Results: The lens parameters of the model eye determined by the Bessel phakometer were similar to those provided by the model eye's manufacturer with differences (manufacturer - Bessel) in Ra and Rp, RI, and F of +1.18 mm, 0.18 mm, +0.0053, and -0.55 D, respectively. The intraobserver repeatabilities for the Bessel and conventional phakometers were similar. The interobserver repeatabilities of Ra, Rp, and RI for the Bessel phakometer were almost half those (i.e., two times better) for the conventional phakometer. Brightnesses of PIII and PIV were approximately three times higher with the Bessel phakometer than with the conventional phakometer.

Conclusions: The Bessel beam phakometer provided accurate estimates of lens parameters of a model eye and produced brighter Purkinje images and better interobserver repeatability than that of a conventional phakometer.
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http://dx.doi.org/10.1097/OPX.0000000000001130DOI Listing
November 2017

Three-dimensional MRI study of the relationship between eye dimensions, retinal shape and myopia.

Biomed Opt Express 2017 May 5;8(5):2386-2395. Epub 2017 Apr 5.

Institute of Health and Biomedical Innovation, Queensland University of Technology, Brisbane, 4059 Australia.

We investigated changes in eye dimensions and retinal shape with degree of myopia, gender and race. There were 58 young adult emmetropes and myopes (range -1.25D to -8.25D), with 30 East-Asians (21 female/9 male), 23 Caucasians (16/7) and 5 South-Asians (1/4). Three-dimensional magnetic resonance imaging was undertaken with a 3.0 Tesla whole-body clinical MRI system using a 4.0 cm receive-only surface coil positioned over the eye. Automated methods determined eye length, width and height, and curve fitting procedures determined asymmetric and symmetric ellipsoid shapes to 75%, 55% and 35% of the retina. With myopia increase, eye dimensions increased in all directions such that increase in length was considerably greater than increases in width and height. Emmetropic retinas were oblate (steepening away from the vertex) but oblateness decreased with the increase in myopia, so that retinas were approximately spherical at 7 to 8D myopia. Asymmetry of eyes about the best fit visual axis was generally small, with small differences between the vertex radii of curvature and between asphericities in the axial and sagittal planes. Females had smaller eyes than males, with overall dimensions being about 0.5mm less for the former. Race appeared not to have a systematic effect.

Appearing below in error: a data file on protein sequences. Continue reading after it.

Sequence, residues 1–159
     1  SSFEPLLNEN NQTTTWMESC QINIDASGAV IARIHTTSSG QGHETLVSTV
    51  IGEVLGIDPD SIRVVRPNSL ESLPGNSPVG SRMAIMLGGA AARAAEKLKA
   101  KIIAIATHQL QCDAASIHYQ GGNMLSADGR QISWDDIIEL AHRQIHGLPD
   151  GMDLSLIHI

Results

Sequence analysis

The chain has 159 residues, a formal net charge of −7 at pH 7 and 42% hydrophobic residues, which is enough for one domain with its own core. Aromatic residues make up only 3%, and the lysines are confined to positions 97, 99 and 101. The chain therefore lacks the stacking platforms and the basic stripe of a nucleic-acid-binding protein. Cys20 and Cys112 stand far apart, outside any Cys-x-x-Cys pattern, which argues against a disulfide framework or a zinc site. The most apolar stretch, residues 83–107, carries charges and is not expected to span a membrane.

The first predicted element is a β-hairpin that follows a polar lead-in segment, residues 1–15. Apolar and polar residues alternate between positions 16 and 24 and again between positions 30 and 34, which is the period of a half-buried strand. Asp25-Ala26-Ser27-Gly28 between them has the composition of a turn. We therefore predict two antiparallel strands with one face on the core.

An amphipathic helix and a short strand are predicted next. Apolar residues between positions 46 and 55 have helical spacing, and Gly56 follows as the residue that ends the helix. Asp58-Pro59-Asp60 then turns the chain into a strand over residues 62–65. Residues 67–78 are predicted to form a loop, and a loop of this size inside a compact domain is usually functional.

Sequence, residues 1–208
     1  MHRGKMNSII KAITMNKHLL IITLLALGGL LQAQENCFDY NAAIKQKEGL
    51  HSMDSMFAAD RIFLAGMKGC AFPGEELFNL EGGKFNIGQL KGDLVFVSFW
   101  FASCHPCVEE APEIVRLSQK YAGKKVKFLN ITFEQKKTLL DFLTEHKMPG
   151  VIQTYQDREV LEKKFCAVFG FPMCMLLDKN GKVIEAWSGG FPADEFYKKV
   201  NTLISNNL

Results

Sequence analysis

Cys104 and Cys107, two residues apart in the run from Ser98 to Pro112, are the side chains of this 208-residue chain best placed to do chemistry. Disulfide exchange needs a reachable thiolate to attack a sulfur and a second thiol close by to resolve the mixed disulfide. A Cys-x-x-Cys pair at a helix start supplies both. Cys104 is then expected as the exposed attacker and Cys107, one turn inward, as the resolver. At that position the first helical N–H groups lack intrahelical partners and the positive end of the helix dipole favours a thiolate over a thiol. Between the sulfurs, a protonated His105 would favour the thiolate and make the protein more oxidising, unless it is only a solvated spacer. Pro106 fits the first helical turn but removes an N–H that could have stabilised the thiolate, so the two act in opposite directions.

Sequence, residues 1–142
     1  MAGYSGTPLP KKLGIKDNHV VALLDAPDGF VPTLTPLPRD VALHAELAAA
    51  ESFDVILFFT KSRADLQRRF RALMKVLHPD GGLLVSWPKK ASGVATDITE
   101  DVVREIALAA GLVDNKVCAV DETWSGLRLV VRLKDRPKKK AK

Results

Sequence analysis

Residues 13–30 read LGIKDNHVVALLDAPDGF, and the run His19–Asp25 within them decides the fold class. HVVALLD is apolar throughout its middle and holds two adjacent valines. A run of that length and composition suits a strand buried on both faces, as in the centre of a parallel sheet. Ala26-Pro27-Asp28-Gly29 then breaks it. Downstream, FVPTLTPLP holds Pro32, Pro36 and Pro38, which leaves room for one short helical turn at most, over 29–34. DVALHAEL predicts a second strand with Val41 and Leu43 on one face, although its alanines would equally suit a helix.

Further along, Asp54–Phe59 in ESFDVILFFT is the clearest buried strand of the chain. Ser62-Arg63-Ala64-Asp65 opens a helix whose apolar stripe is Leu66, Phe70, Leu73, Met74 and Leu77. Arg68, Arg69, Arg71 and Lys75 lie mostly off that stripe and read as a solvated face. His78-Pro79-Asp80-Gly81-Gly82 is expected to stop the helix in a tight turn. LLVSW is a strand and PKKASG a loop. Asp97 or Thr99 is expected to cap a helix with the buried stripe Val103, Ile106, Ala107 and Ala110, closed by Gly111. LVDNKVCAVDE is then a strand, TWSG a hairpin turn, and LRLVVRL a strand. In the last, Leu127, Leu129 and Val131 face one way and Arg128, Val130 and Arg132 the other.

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http://dx.doi.org/10.1364/BOE.8.002386DOI Listing
http://www.ncbi.nlm.nih.gov/pmc/articles/PMC5480487PMC
May 2017